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I have added a new favorite to my “Whimsical Collection” – The concept came to my mind one day while browsing the shops at The Wheel in Pigeon Forge. It was about a month later, but finally “The Duck Family” is ready and already a 14×20 Wrapped Canvas hangs in the bedroom.     It was actually the store where I found Stewart, who is the subject of “Hopscotch“. Also in a 14×20 wrapped canvas already hanging in my bedroom before any of my gallery outlets have a print.       “Horse Play” was originally a piece  was just playing with and not having any intentions to make it a public gallery release. Funny thing was, when I first took it to The Turning Leaf Gallery in Blue Ridge, GA… It sold in the first 15 minutes of being there.       “Po Side In” started from a photo challenge between me and fellow photographer John Jacobs. As he dropped by my artist day at The Turning Leaf Gallery in Blue Ridge, GA, He made note of passing by the submarine, so I issued the challenge to see what we could come up with.       “The Big Show” is based on a character (the muscle guy) that hangs out at a mini-golf course in Gatlinburg, TN. Another one of my personal top 5 favorites of all my works.       In all fairness to Gumby, I had to produce “Gumby At The Water Park” since his pal Pokey was already a sensation in my “Horse Play”...

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The End of C-41… or pretty close to it.

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Just a few months ago I was testing some old film cameras to see if they still functioned properly, and subsequently took the exposed film (C-41 process) to Walgreen’s for developing and scan to cd. Never really thought about how much longer this service would be available… I guess we just always figured that someone was doing it. I was certainly glad to know if I wanted to shoot some color film, I could get it processed and scanned. Until Now!!! As I just wrapped up shooting a roll of Kodak BWC (Black & White C-41) and went to the Walgreens I had previously had process my film. And to my surprise it appears that Walgreen’s no longer does this service “in-house” anymore. In fact said it would be about a week before I got the film back. Funny thing is that when I first got into photography, that waiting a week to see your results was quite normal. Unless you shot and developed black & white film and printed the images in your own darkroom. But in the age of gotta-have-it-now, it seems that even waiting an hour to get film processed and then scanned to a CD is too long of a wait. Since I had purchased a vintage Nikon FE and even more vintage Nikkor 50mm f/1.4 lens, I was really eager to see the results from a test roll of BWC I shot. As I had then planned to go out and shoot a serious roll or two, over the holiday weekend. One of the sad parts of it all, is in how we preserve moments...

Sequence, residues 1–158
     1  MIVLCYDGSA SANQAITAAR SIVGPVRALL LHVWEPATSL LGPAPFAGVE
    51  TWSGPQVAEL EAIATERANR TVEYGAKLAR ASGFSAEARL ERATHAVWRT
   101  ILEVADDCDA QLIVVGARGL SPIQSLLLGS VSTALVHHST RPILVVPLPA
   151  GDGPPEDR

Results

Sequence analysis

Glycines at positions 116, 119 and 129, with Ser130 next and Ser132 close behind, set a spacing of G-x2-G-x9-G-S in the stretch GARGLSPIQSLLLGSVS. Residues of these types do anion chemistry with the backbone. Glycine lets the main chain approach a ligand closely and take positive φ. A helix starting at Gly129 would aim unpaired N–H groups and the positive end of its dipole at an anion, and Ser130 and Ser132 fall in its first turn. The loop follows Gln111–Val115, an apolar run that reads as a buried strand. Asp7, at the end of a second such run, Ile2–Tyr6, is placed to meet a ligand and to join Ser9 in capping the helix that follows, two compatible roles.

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Biography – Commercial Printing Journeys

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When I was in High School and had the opportunity to attend the vocational school located in the same building, I jumped on the offer and signed on for “Graphic Arts” class. Since I was already taking the maximum of art classes in my regular curriculum, I figured it was just an additional “art” class I could take. When I had my first day of class and saw all the printing presses, I realized it was a bit more than “art” but still had an interest in learning the craft. There was also a darkroom for processing of litho film and making negatives of the work to be printed. Since I already had my own film photography darkroom at home, I figured this would give me a slight edge on the rest of the class. The teacher saw a quick advancement in my abilities and quickly moved me from the bookwork into the darkroom and onto the presses. I was able to learn a AB Dick 360, Multilith 1250, Chandler & Price Letterpress, Ludlow Lead Typesetter and assorted bindery equipment. Even before the first year of class was completed I applied and got a job running the letterpress department at Modern Press. I had at my disposal a set of 3 assorted C&P presses and a linotype lead typesetter. Although it was 1978 and letterpress was even a dinosaur back then, you could still find one in use in a shop every now and then. I also had a large 40″ paper cutter and eventually ran the shops AB Dick 360 7 Multilith 1250 on occasion. But like many print shops...